Well, it is flu season again in the United States and in Corporate America that means it is Pandemic Flu Preparedness Planning Season again. However, please do not confuse the Seasonal Flu with a Pandemic Flu. This website from Flu.gov includes a terrific table at the bottom of its page, defining the difference between the two.
Over the past few months, Safe Harbor Consulting has been active with a number of clients in updating their Pandemic Plans and conducting Pandemic Response Simulated Exercises. One common opportunity for improvements in these programs is with regards to the inclusion of Threat Level Tables within their Plans.
The World Health Organization (WHO) has created a Pandemic Flu Threat Level Description Table detailing 8 Pandemic Phases. Because the last two phases of this schematic are not numbered, they are often left off of the Tables included in the plans we review. The WHO Threat Levels consist of 6 Pandemic Phases, numbered 1 – 6, and a Post Peak Phase and Post Pandemic Phase, which are not numbered. The chart included on this website, shows the most up-to-date Table. It is recommended that Business Plans written specifically for Pandemic Response, ensure that they include the two Post Peak and Post Pandemic phases in their strategies.
Furthermore, the WHO Program addresses world-wide threats. Many US-based plans we have reviewed uses the WHO’s elevation of a Pandemic Threat Level as a “trigger” to engage in response and/or prevention actions. In reality however, your response would be significantly different if the virus in question had a presence in the United States. For example, raising the Pandemic Threat Level to a phase 3 or 4 with a virus known to be present in the Unites States should cause plans to be engaged, whereas, a Phase 4 or 5 with no evidence of the virus in North America may still have you simply on Alert.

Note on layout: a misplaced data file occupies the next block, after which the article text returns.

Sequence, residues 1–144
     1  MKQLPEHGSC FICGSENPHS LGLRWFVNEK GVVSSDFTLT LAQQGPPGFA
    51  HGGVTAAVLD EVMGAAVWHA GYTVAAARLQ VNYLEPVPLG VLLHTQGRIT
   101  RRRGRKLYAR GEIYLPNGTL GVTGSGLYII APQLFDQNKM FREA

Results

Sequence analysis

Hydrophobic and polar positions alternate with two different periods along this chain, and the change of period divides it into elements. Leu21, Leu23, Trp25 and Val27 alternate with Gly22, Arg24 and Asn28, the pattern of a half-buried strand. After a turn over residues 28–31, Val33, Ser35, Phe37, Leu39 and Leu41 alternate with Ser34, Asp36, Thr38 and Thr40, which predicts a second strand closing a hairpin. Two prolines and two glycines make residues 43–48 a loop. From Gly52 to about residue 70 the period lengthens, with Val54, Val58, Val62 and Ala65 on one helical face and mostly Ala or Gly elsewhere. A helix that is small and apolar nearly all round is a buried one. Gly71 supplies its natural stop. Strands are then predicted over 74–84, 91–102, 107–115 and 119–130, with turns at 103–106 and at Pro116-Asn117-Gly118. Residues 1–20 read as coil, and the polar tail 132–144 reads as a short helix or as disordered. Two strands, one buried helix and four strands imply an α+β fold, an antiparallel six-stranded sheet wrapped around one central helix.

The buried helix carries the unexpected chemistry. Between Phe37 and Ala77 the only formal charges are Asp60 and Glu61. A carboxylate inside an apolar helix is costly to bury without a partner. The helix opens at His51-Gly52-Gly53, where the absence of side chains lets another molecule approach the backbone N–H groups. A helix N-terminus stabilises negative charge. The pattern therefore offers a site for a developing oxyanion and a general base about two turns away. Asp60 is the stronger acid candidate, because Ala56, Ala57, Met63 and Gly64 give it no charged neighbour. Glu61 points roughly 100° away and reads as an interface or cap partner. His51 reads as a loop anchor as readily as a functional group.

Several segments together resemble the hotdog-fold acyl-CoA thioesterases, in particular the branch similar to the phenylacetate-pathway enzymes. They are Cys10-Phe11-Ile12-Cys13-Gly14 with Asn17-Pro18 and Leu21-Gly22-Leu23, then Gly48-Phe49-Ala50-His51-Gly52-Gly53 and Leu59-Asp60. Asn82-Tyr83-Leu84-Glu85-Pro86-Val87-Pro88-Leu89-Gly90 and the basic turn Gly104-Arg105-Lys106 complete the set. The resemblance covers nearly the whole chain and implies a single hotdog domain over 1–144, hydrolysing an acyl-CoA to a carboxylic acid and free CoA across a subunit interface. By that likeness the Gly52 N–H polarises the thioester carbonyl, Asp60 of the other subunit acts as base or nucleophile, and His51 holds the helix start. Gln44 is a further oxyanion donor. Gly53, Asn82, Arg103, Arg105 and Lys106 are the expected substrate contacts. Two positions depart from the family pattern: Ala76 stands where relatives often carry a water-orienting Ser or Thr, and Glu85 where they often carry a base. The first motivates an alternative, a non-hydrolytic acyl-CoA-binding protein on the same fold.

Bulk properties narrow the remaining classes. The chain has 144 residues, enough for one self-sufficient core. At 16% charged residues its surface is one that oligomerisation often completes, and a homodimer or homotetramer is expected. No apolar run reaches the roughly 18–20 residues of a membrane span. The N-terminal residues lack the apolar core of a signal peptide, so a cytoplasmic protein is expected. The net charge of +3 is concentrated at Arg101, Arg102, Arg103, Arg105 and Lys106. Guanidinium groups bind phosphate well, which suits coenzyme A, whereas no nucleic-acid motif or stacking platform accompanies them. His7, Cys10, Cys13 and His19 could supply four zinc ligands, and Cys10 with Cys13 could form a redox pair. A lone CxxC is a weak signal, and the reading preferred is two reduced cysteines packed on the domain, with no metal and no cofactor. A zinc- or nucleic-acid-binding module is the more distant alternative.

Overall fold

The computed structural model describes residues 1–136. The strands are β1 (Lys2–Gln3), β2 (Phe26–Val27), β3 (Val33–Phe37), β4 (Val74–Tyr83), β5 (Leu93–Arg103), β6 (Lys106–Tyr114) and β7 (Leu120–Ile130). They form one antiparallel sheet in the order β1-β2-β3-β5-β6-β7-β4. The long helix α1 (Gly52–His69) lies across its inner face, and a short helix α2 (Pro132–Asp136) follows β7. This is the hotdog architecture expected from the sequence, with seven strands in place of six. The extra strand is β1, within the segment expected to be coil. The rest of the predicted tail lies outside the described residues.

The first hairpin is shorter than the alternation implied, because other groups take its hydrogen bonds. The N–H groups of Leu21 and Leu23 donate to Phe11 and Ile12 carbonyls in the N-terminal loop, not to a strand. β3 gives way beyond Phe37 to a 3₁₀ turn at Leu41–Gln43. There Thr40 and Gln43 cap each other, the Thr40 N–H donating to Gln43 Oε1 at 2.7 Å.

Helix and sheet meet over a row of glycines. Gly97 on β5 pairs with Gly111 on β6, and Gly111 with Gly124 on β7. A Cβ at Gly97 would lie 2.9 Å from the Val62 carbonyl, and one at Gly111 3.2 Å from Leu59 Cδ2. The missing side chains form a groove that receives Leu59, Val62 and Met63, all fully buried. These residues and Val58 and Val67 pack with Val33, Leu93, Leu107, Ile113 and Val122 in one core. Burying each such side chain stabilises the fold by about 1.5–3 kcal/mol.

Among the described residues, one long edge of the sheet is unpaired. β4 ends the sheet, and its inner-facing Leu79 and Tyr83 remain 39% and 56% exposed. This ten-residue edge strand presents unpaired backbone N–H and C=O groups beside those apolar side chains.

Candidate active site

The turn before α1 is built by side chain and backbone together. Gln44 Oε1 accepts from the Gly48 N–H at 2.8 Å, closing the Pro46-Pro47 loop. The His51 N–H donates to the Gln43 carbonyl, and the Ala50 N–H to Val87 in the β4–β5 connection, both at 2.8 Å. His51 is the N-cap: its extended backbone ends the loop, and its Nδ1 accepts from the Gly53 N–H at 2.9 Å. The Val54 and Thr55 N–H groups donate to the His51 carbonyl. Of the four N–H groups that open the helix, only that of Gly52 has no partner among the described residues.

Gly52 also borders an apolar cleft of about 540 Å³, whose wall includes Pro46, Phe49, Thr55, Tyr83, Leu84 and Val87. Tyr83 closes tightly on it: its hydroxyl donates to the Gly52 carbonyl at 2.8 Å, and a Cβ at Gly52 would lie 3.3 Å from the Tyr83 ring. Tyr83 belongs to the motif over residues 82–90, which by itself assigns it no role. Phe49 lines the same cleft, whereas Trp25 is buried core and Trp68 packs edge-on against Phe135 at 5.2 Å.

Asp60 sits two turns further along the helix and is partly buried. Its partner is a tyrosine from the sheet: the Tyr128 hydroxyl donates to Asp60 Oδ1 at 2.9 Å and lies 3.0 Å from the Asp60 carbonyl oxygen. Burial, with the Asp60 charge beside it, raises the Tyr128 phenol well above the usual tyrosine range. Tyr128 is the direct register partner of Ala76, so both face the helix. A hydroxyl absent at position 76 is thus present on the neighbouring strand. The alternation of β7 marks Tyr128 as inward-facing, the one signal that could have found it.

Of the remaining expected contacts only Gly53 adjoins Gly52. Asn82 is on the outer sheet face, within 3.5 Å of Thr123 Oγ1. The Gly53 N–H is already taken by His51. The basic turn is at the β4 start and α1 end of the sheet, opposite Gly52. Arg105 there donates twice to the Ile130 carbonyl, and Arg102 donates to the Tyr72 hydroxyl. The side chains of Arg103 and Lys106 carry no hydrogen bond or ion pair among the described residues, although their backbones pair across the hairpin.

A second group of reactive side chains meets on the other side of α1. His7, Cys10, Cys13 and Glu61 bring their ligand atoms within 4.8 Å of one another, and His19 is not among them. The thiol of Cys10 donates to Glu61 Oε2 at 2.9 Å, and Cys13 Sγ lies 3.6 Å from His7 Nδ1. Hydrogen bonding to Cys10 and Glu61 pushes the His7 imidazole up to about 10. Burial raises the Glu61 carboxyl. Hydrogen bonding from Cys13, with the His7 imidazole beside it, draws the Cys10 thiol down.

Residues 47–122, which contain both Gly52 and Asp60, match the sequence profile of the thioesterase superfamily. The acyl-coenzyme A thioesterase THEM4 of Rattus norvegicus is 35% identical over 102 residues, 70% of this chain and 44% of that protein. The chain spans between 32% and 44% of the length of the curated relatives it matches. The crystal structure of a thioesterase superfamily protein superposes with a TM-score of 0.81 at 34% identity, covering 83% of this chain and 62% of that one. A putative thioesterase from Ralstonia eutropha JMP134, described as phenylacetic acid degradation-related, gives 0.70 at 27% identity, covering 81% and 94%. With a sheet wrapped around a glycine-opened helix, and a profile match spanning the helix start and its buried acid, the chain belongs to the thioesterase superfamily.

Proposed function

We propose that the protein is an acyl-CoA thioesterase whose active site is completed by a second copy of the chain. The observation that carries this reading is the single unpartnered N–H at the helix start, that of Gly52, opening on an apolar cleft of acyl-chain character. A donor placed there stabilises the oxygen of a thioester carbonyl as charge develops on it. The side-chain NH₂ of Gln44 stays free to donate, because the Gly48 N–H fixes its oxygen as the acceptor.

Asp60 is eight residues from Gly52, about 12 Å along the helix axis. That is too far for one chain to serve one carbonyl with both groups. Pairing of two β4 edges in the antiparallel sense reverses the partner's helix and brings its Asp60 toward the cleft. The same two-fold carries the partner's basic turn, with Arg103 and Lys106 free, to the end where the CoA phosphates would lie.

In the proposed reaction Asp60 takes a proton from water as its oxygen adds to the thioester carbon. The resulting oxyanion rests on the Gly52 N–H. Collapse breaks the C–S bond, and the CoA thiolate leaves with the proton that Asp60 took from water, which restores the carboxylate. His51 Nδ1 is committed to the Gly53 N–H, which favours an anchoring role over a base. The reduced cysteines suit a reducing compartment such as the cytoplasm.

Some mature plans we have reviewed understand this issue and as a result have included a revised Threat Level Table published by the U.S Federal Government. Our warning concerning this situation is that the US policy is to amend the WHO Threat Levels on a case by case basis every time the WHO declares a Pandemic Alert (Phase 4 or higher). The table being used in many plans is based off of the last time the US Department of Health and Human Services (DHHS) published a table, which is now obsolete.
“In the United States, pandemic phases will be defined based on the global phase and determined by the Secretary of Health and Human Services. During the pandemic phase, additional subdivisions may be defined based on the extent of disease. In actual practice, the distinction between the various phases of pandemic influenza may be blurred or occur in a matter of hours, again underscoring the need for flexibility.”
Therefore, we warn people to not be too confident that those are the same definitions used for the next pandemic to hit the United States.
All in all, most of the plans we review are in pretty good shape, otherwise. And, it is great to see that this issue is not being forgotten about given the media has lost some momentum on this topic and the attention pandemics were getting a few years back is not as prevalent.
Pandemics are a reality that should (must?) be planned for. Many of the issues we plan for are common for any incident that results in a depleted or immobilized workforce.
If you have additional information on Pandemics or wish to correct anything we may have stated in error, we would love your feedback. In the meantime, stay healthy and stay prepared.